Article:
What is BASIC (although not an OS in the modern
sense, but a complete instruction set nonetheless)?
BASIC (Beginner's All-purpose Symbolic Instruction Code) was
more than an entry-level programming language. It was part of the
instruction set (not quite an OS) for early home computers like
the TRS-80 Model III running on TRS-DOS or NEWDOS and Commodore 64
(C64) running on the ROM-resident OS named KERNAL
(misspelling of kernel).
I remember reading lots of books on BASIC and Byte
magazine as well as watching Bits and Bytes on channel 13
(WNET/PBS, 1983-1984). My experience at school was on a TRS-80
Model III without floppy drives installed so there was no way to
saved any code. My experience at home was somewhat better spending
many hours in front of my C64 and no sleep, but none of the code
has survived as I could only save to a Commodore 1530 C2N
Datasette (cassette tape recorder, possibly the most unreliable
medium). This is why I can only concentrate on my experience of
BASIC on the C64.
Commodore 64 (C64):
Commodore 64 (C64)
was one of the first computer systems that I ever used and the
first one I ever owned (1984). I quickly got up hooked into a
whole new field and style of life — geekdom —
while coding source code instead of sleeping. KERNAL and
Commodore BASIC 2.0 in its 8-bit glory for the C64 boasting a
1.023 MHz MOS Technology microprocessor and 64 KB of RAM gave and
experience was as close at it could be for any kid n the early
1980's (1984, in my case). To make things even more exciting and
bringing more curious kids (like me at the time) to computer
science, the C64 was heavily used for games and even some music
programs thanks to its ground-breaking technology based on two
chips by MOS Technology — SIC 6581 and VIC-II. Commodore
International declared bankruptcy and closed shop in 1994. In
2011, a new reincarnation named Commodore USA released updated
versions of the C64 (C64x) with the same vintage (old, obsolete,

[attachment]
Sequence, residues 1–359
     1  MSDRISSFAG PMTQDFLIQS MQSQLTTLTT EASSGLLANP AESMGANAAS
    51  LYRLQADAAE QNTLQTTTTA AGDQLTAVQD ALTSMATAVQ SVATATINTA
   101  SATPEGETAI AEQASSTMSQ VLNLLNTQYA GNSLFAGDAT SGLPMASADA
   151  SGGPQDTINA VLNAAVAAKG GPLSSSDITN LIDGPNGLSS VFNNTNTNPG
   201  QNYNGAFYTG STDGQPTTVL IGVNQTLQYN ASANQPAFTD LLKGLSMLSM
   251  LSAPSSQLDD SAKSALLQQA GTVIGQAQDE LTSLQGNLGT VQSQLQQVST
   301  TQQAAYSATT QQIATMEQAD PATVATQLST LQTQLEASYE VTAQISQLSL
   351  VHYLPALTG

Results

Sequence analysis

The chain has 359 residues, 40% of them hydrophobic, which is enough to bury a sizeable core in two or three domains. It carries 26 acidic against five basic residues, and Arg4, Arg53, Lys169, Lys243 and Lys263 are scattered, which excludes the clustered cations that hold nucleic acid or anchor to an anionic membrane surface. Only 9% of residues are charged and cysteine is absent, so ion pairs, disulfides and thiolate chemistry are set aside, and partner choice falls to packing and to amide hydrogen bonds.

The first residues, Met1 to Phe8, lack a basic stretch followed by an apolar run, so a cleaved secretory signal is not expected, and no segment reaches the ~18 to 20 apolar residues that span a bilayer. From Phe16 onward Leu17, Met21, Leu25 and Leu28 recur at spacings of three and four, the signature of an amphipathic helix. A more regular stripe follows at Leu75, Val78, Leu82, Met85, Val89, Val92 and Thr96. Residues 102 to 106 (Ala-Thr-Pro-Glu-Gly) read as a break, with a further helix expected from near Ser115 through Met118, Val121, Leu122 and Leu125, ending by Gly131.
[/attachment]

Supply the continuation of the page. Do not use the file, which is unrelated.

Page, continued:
ancient, historical, retro) "breadbox" exterior
and VIC 20 (VIC Slim) with their own Linux distribution named
Commodore OS based on Linux Mint. I had not been thrilled about
any new system and/or other technologies for a long time. The
whole idea of reviving the C64x had me like a little kid before
Christmas with a new toy wrapped in front of him, but I never
bought one. Commodore USA closed shop a little after one of its
owners died around 2012.
For those of us who want to relive the heyday of the C64
(1982-85), Retro Games (England) a new version of C64 was released
in 2018 called The C64 Mini marketed as a video game console with
64 built-in games and shipped with its own joystick. According to
the vendor, The C64 Mini can also be used to program Commodore
BASIC (forked from Microsoft BASIC) — the first programming
language that I ever learned. Needless to say, I am stoked.
10 INPUT "WHAT'S YOUR NAME?"; NAME$
20 PRINT "HELLO, "; NAME$;
30 INPUT ", HOW ARE YOU? (OK/NOT)"; OK$
40 IF OK$ = "OK" THEN PRINT "GLAD TO HEAR THAT."
50 IF OK$ <> "OK" THEN PRINT "TOO BAD!"
Another nostalgia option was Manomio's licensed emulator for
iOS — iPhone, iPod and iPad. This emulator was almost as
good as the C64.
Unfortunately it has been almost thirty (30) years since I last
coded my last program for the C64 and I hardly remember how to
code a quick and dirty (not to mention descent) program (excluding
the one above), but I would consider it the geekiest purchase I
have would ever make. Of course, if you are merely interested in
C64 games, you can get a ROM emulator and a handful of ROM images,
which may be illegal in some areas and/or under special conditions
(17 U.S.C. §
§ 117 . Limitations on exclusive rights:
(a) Making of Additional Copy or Adaptation by Owner of
Copy.—Notwithstanding the provisions of section 106, it is not an infringement
for the owner of a copy of a computer program to make or
authorize the making of another copy or adaptation of that
computer program provided:
(1) that such a new copy or adaptation is created as an
essential step in the utilization of the computer program in
conjunction with a machine and that it is used in no other
(2) that such new copy or adaptation is for archival
purposes only and that all archival copies are destroyed in the
event that continued possession of the computer program should
cease to be rightful.
BASIC on i286 and prior machines came burnt to a ROM chip.
There was no way users could install or upgrade BASIC. On boot, it
loaded from the built-in ROM to RAM.
Later machines would run a stripped-down version of DOS and have BASIC as a stand-alone
executable like QBASIC.EXE (QuickBASIC), but by no means
an OS or similar instruction set. Modern distribution of BASIC
like FreeBASIC can be installed as
third-party applications in modern versions of Windows or other operating systems